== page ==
KEARNEY, NE — In the middle of a celebratory news conference on Tuesday, University of Nebraska-Kearney Chancellor Doug Kristensen couldn’t stop checking his phone.

One final piece of a project that traces its roots back 10 years was still hanging in the balance.

“Today’s the day. The governor’s needs to sign it or let it become law,” Kristensen said.

Gov. Pete Ricketts already approved allocating 60 million dollars of federal COVID-relief dollars for the construction of a Rural Health Complex on the UNK campus. Now, Kristensen was waiting to hear on nearly 25 million dollars ($500,000 first year, $9 million second year, $15 million third year) to help with operating costs.

“Alright, so you bought me just enough time. I just got the note, the governor signed the bill,” Kristensen said.

Kristensen says he felt like an expectant father anticipating good news.

“I just think this is a great day for rural Nebraska. Rural Nebraska is home for me," Kristensen said. "I want to see good things happen to it and today good things happened.”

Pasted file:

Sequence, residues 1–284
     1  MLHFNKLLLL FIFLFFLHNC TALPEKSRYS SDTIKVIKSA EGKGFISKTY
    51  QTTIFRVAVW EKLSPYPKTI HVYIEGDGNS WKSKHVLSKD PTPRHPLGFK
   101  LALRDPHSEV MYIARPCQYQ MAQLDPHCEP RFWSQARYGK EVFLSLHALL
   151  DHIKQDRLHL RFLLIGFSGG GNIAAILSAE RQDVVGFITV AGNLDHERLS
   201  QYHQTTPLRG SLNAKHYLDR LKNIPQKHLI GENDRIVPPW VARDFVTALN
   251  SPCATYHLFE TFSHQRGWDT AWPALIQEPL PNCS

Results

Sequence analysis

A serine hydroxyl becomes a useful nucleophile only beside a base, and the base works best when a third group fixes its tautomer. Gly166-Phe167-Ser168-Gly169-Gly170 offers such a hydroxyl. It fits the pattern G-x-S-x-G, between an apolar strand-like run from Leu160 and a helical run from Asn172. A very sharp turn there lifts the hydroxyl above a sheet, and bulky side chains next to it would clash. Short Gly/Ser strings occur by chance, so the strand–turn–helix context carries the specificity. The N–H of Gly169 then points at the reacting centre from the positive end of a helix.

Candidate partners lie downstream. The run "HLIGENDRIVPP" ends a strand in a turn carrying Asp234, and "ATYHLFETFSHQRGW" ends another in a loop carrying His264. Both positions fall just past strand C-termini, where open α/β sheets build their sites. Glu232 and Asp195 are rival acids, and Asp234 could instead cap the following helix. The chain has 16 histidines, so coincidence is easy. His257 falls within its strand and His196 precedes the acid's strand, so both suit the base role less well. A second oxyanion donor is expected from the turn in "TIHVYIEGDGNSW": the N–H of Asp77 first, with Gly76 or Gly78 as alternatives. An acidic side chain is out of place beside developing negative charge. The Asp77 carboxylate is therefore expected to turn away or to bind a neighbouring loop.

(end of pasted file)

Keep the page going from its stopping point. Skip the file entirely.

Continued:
The Rural Health Complex will be build next to the existing health sciences building on the northwest edge of campus. It will stand three stories tall and offer 100,000 square feet. The programs inside will educate around 200 students and be operated by the University of Nebraska Medical Center.

“They’re not going to reduce their standards," Kristensen said. "They’re going to come out here with the same world-class education that they provide in Omaha. That’s great for all of us.”

UNK says 17 counties don’t have have a primary care physician and every county outside the metro areas is considered in a medical staff shortage. The idea is, train students in rural Nebraska and they’ll stay in rural Nebraska.

“They meet their significant other, they get that first job, they buy that first home, they’re going to stay," Kristensen said. "Students who really appreciate rural Nebraska are proud to serve here.” 

The next steps are presenting a program statement to the Board of Regents and ramping up fundraising efforts. When the complex is ready, Kristensen says it will be transformative.

“I think you’re going to see other states come to us and say, ‘how’d you do that and how could we copy what you’re doing?’ It’s very exciting, I think, from the entire state’s perspective,” Kristensen said.

The goal is to open the complex to its first cohorts in fall of 2025.